Review: Bonx Grip – Ultra-versatile group talk technology
Group calling that doesn’t suck.
Any ski bunnies in the audience? How about snowboarders? Heck, any outdoor pursuit you can name that will still be within cell coverage? Back before cell coverage was even a thing, I was a pretty mean skier. Growing up in the Rockies put the mountain in my soul, and when we moved to the coast, we’d do family trips every winter to the surrounding ski hills like Cypress, Grouse, or my favorite, Whistler/Blackcomb.
There wasn’t much that worried me while I was freely weaving my way through the trees off-piste, but one primary consideration did — communications between my Dad and me. Sure, we had a system where if we got separated while on the slopes we’d meet outside the cafe at the summit, but what if something happened and we couldn’t get there? Cell service was almost non-existent in the late ’80s, expensive, and heavy to carry.
Sound does weird things on the mountains as well; shouting could sound like it comes from the opposite side depending on the acoustics of the surroundings. Even radios don’t always work with where you are, and then everyone can hear you if they’re on the same band.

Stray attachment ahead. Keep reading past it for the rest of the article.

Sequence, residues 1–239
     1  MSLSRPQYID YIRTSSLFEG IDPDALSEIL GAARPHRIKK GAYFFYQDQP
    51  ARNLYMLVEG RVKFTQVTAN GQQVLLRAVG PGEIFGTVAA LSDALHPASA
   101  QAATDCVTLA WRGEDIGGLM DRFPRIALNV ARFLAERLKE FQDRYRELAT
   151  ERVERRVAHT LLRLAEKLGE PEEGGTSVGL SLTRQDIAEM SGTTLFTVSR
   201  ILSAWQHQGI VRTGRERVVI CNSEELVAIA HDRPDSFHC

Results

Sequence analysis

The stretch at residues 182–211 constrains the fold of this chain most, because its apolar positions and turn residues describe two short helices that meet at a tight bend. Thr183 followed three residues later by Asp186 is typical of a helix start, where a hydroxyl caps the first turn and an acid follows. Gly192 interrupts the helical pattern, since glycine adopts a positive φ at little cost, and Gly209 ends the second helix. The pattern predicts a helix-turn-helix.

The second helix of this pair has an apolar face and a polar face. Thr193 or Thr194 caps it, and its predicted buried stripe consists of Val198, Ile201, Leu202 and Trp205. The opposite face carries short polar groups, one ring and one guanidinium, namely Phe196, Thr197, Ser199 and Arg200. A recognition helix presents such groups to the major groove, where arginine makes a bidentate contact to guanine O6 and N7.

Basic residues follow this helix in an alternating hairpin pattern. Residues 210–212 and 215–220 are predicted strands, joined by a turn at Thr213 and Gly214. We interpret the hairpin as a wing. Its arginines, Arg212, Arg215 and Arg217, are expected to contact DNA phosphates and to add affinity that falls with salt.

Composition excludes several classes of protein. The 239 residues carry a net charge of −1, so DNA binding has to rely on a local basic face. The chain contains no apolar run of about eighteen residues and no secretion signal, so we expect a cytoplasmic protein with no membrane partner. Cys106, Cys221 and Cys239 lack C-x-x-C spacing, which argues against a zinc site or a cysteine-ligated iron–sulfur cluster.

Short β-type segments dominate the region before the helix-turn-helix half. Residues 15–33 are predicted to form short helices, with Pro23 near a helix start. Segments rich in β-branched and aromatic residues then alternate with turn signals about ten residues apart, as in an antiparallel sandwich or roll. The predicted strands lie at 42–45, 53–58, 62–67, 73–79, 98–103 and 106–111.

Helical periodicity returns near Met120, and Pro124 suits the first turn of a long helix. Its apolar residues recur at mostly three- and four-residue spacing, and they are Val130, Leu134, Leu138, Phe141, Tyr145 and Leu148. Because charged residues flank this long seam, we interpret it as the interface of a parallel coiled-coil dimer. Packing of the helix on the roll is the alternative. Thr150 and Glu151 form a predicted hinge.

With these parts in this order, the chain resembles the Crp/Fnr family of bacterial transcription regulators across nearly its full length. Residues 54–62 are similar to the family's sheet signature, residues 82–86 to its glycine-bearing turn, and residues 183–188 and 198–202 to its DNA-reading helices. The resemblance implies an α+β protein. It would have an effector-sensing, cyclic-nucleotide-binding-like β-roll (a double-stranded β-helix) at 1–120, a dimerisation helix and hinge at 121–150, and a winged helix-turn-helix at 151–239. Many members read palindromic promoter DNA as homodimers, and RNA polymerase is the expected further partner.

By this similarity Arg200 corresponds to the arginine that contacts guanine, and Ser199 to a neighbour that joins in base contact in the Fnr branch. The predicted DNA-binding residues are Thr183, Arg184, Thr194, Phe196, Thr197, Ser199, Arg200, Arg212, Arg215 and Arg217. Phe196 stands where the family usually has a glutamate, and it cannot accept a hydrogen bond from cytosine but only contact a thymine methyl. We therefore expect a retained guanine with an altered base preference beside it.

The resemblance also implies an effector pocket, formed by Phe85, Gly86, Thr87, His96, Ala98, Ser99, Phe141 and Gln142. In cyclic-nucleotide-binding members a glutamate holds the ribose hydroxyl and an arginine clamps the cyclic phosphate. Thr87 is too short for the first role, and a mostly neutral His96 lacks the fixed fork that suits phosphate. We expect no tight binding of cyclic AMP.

Fast-forward to now, and we have an abundance of cell service, and powerful handsets that are easy to carry with excellent battery life. They still aren’t much use while you’re shredding down the mountain, but at least you can communicate while you’re stopped. Good luck if you want more than two people on the call though, group calls are a mess of dropped connections, flaky lines and issues reconnecting.
BONX is an outdoor group-talk technology brand that was started by an avid snowboarder, Takahiro Miyasaka. This is their first product, the BONX Grip, and it aims to make group calls usable.
Design and features
At its heart, the BONX Grip is a Bluetooth earpiece that connects to a smartphone app that makes group conversations easy. No dialing-in, no repeated PINs after the first join, and no having to take your phone out to redial. The Grip is true to its name, with a gripping earhook that goes behind your ear to keep it in place. There’s also a smaller earhook on the tip that goes into your ear, for a secure fit.
Two microphones with multilayer wind and noise reduction technology combine to provide crystal-clear voice comms. The earpiece is covered in rubber and is both water and shock resistant. You can also get the Grip in four colors. We were sent the off-white and black versions for the test; you can even get them in light green and a pink colorway if you prefer those.
There are two buttons on the outside of the earpiece, a small one that toggles Standby mode, and a larger button that both controls push-to-talk if used, and mutes the microphones if you want to have a private conversation.
The BONX Grip uses your cellular network’s data connection to transmit voice, so it’ll work anywhere you have enough signal. If you manage to lose signal while still in a talk room, the app will automatically reconnect you once the signal gets restored. No more having to fish in your rucksack to reconnect voice comms.